Friday, June 24, 2022
News Hyundai Facing Class-Action Lawsuit Over EV Fires

Hyundai Facing Class-Action Lawsuit Over EV Fires

Battery fires in Hyundai vehicles are only the latest in a string of fires that could shake consumer confidence

  • At least 200 people are involved in the lawsuit filed in South Korea.

  • Hyundai has issued a recall for a software update but plaintiffs want new batteries.

  • The battery maker is LG Chem, the same that’s force GM to recall 70,000 EVs for the same reason.

These battery fire issues are not new. There have been many reported over the years but in recent times, as EV take rates climb worldwide, reports of overheating batteries and ensuing fires are growing. Hyundai is now faced with a class-action lawsuit for this very issue.

The stories reported by Reuters of people being evacuated from their homes due to electric vehicles catching fire are frightening. The exact nature of the battery failure that cause them to catch fire is unknown by either Hyundai or LG Chem, the maker of the units, however, the Korean carmaker is convinced that a software update is the required fix.

2019 Hyundai Kona EV | Photo: Matt St-Pierre

Owners of Hyundai Kona EVs disagree and are suing for Hyundai to replace the entire battery pack. South Korea’s safety agency is currently investigating the cause of the fires. Should it be determined that Hyundai and LG Chem are responsible for the issue, they could face costs of $540 million to replace all affected batteries.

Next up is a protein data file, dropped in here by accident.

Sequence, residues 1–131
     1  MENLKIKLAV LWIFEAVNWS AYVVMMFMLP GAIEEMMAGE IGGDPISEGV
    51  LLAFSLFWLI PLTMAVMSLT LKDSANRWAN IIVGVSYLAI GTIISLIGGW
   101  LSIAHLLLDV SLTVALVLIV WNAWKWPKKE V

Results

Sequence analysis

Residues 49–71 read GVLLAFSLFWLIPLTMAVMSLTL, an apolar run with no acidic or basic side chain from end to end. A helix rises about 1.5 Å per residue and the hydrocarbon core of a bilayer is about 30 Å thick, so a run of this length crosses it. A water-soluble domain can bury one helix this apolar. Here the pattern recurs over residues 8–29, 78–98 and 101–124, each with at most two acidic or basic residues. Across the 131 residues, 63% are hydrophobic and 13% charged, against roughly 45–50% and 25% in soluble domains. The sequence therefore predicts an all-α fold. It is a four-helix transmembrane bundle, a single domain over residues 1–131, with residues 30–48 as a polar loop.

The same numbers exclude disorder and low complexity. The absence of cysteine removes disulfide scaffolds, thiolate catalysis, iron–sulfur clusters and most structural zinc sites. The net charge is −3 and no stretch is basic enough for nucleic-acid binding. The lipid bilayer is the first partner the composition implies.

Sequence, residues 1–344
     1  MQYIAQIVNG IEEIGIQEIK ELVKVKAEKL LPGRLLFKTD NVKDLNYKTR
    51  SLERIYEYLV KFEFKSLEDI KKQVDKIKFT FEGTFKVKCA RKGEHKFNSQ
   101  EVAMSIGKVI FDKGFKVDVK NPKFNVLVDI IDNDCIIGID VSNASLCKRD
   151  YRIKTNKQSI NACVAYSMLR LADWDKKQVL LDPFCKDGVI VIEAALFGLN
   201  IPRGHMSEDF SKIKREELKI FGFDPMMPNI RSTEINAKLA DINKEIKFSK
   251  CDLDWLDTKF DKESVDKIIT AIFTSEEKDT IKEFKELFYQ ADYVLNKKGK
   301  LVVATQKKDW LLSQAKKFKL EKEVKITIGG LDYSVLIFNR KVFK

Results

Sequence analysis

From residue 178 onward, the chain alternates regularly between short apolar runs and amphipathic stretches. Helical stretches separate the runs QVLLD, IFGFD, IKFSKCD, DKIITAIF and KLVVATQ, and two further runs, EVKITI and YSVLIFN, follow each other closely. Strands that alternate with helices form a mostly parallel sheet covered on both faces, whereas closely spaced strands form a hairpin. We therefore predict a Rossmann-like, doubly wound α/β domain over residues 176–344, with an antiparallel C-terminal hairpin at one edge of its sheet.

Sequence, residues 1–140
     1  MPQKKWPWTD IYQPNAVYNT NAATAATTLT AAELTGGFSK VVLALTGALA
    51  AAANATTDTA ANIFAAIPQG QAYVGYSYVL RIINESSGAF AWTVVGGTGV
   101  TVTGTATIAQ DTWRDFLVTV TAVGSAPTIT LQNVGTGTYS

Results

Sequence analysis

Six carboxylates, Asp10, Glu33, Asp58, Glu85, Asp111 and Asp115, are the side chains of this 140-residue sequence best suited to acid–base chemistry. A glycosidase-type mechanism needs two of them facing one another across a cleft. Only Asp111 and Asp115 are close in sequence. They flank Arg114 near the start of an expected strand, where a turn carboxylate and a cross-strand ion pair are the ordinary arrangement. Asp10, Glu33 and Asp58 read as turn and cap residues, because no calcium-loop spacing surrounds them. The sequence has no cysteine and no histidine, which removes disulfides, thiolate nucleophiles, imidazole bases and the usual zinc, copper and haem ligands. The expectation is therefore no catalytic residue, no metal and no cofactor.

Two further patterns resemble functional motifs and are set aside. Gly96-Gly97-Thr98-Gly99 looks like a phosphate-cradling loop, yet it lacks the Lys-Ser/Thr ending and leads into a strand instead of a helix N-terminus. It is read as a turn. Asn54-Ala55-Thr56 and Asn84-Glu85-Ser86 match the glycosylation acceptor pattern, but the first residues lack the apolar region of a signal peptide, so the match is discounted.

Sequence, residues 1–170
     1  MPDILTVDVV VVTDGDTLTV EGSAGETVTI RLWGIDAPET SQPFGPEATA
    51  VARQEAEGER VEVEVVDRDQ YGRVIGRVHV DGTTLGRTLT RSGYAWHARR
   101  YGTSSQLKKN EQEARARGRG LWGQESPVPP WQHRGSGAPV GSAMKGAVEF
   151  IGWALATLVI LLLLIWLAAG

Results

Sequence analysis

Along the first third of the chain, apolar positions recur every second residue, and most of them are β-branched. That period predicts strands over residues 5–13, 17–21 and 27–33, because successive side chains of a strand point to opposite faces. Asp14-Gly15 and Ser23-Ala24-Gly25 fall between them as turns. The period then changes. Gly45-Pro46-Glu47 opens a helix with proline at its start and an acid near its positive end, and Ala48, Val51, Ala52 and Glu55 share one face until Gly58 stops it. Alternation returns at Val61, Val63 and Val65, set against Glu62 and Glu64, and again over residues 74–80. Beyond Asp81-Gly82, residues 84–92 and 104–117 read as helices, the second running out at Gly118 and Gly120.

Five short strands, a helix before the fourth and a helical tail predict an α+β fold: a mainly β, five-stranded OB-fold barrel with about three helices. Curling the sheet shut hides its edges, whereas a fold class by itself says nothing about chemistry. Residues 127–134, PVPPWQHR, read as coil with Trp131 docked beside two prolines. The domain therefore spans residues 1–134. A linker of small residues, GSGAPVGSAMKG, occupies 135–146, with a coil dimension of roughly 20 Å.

In a statement to Reuters, Hyundai said that they suspect that internal damage to batteries may because of the fires. They added: “We are constantly monitoring the situation after an update of the (battery management system) and we will continue to try to minimize consumer inconveniences going forward.” According to Hyundai, the problems were found only in some vehicles, which will get free battery replacements.

GM, BMW and Ford have also faced battery fire complications. General Motors is recalling nearly 70,000 while Ford will have to replace battery packs in its Kuga PHEV models at a cost of $600 million. Both Ford and BMW’s batteries are supplied by Samsung.

As more countries and regions begin mandating the sale of EVs on their territories, we might be in for more surprises.

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Matt St-Pierre
Trained as an Automotive Technician, Matt has two decades of automotive journalism under his belt. He’s done TV, radio, print and this thing called the internet. He’s an avid collector of many 4-wheeled things, all of them under 1,500 kg, holds a recently expired racing license and is a father of two. Life is beautiful. Send Matt an emai


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